Author + information
- Diana de Campos, MDa,∗ (, )
- Rogério Teixeira, MD, PhDa,b,
- Carolina Saleiro, MDa,
- Ana Botelho, MDa and
- Lino Gonçalves, MD, PhDa,b
- aCentro Hospitalar e Universitário de Coimbra–Hospital Geral, Coimbra, Portugal
- bFaculdade de Medicina da Universidade de Coimbra, Coimbra, Portugal
- ↵∗Address for correspondence:
Dr. Diana de Campos, Centro Hospitalar e Universitário de Coimbra, Quinta dos Vales, 3041-801 São Martinho do Bispo, Coimbra, Portugal.
We highlight the potential risk of combined antithrombotic therapy as a rare cause of spontaneous splenic hemorrhage. Conservative management is possible and reintroduction of the antithrombotic therapy is safe after the acute event. (Level of Difficulty: Beginner.)
- acute coronary syndrome
- percutaneous coronary intervention
- platelet aggregation inhibitors
A 63-year-old man with history of hypertension, dyslipidemia, diabetes, and atrial fibrillation was admitted in cardiac arrest. The electrocardiogram showed no ST-segment elevation, and high-sensitivity troponin I level was 49,166 ng/l. Emergent coronary angiogram showed critical stenosis of the left anterior descending artery, and successful new-generation drug-eluting stent implantation was performed. Triple antithrombotic therapy (aspirin 100 mg daily, clopidogrel 75 mg once daily, and enoxaparin 80 mg twice daily, according to renal function) was started and maintained during hospital recovery (prolonged due to ventilator-associated pneumonia). On admission day 24, left-sided abdominal pain and nausea ensued. On examination, the patient was hypotensive and had moderate tenderness in central abdomen, and a mass on the upper left quadrant was noticed. The patient had no history of trauma in the preceding weeks. Electrocardiogram and high-sensitivity troponin I test result were unremarkable. His hemoglobin level was 8.3 g/dl, down from a baseline of 12.2 g/dl. An abrupt thrombocytosis (from 227 to 778 g/l) was evident on day 12, the same day of hemoglobin breakdown. An abdominal computed tomography scan showed a concealed splenic rupture with an extensive subcapsular hematoma, without active bleeding, measuring 18 × 17 × 15 cm (Figure 1). His splenic rupture was thought to be related to triple antithrombotic therapy use in the absence of rib fracture and indirect signs of traumatic lesions or splenic pathology on computed tomography scan. The patient was not considered fit for surgery or endovascular therapy and was treated conservatively (fluid resuscitation and antibiotic prophylaxis). Recovery was uneventful, and he was subsequently treated with aspirin and anticoagulation with enoxaparin. At the 1month follow-up, he was doing well, and an abdominal ultrasound showed a regression of the hematoma and no evidence of further bleeding. The patient was discharged to a long-term acute care facility for further management.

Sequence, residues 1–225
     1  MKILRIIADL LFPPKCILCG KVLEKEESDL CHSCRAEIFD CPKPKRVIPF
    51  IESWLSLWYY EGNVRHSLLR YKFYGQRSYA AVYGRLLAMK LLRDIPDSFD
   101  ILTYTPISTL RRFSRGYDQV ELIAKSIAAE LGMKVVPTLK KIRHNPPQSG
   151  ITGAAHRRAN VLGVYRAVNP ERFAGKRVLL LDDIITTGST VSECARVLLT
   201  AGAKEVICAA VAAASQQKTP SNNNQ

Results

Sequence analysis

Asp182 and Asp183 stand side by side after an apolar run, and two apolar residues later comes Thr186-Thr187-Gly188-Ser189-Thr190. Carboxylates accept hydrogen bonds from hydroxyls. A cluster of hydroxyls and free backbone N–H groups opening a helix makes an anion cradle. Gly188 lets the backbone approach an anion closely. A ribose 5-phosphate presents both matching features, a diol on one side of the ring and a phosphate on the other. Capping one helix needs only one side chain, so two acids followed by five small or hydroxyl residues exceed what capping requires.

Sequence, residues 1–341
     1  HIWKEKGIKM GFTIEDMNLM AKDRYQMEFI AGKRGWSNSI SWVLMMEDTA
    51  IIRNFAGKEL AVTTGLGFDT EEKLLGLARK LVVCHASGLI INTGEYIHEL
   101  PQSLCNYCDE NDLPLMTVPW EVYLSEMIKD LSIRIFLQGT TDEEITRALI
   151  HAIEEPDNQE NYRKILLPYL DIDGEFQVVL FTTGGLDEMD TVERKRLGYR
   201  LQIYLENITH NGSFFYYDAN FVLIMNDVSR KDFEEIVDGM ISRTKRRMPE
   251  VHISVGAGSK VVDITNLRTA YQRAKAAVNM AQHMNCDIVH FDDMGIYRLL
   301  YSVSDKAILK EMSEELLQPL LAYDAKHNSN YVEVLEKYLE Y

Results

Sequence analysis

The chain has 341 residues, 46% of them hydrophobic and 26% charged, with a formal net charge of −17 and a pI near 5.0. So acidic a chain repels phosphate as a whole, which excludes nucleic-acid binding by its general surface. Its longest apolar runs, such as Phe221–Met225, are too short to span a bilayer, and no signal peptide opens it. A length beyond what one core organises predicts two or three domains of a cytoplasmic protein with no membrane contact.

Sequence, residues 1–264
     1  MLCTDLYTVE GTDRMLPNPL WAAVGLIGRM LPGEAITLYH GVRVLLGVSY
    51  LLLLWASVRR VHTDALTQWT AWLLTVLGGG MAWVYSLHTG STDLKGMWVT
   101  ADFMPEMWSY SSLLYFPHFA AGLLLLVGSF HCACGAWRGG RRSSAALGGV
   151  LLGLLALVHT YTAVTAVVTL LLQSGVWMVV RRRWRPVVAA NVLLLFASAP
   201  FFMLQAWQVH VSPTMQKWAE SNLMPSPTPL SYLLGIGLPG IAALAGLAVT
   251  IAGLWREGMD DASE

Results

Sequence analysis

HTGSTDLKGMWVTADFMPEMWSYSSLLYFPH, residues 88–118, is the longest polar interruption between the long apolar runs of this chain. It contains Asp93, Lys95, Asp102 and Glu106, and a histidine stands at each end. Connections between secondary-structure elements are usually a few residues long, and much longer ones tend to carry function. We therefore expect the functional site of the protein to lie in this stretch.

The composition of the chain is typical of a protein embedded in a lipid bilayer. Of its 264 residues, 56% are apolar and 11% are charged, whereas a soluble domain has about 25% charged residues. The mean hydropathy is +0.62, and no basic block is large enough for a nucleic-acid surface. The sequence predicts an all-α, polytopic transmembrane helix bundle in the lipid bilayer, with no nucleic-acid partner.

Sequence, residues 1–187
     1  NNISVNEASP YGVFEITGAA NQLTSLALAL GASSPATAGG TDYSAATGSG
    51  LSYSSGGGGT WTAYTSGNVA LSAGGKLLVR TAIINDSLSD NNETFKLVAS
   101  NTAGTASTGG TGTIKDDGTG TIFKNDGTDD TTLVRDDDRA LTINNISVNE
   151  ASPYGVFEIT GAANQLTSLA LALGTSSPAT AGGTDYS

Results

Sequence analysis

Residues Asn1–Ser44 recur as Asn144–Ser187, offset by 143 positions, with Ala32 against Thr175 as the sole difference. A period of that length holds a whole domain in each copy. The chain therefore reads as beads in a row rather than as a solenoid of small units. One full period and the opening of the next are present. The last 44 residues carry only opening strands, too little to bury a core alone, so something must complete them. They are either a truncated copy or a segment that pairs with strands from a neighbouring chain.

Atraumatic or spontaneous splenic hemorrhage (hematoma and rupture) is a rare condition, often presenting challenges in clinical diagnosis. Its diagnosis may be missed or delayed because of low clinical suspicion. It is a serious condition and can be life threatening. Both anticoagulants (1) and antiplatelets (2) have been associated with atraumatic splenic rupture. There are no guidelines on its management, but it is recommended that young and stable patients be treated conservatively.
The authors have reported that they have no relationships relevant to the contents of this paper to disclose.
Informed consent was obtained for this case.
- Received October 2, 2019.
- Accepted October 31, 2019.
- 2020 The Authors
- Basnet S.,
- Mohanty E.,
- Mir I.,
- Dhital R.,
- Koirala A.,
- Tachamo N.
- Arshad M.F.,
- Javed N.,
- Karim S.M.,
- Ahmad E.,
- Abid N.U.A.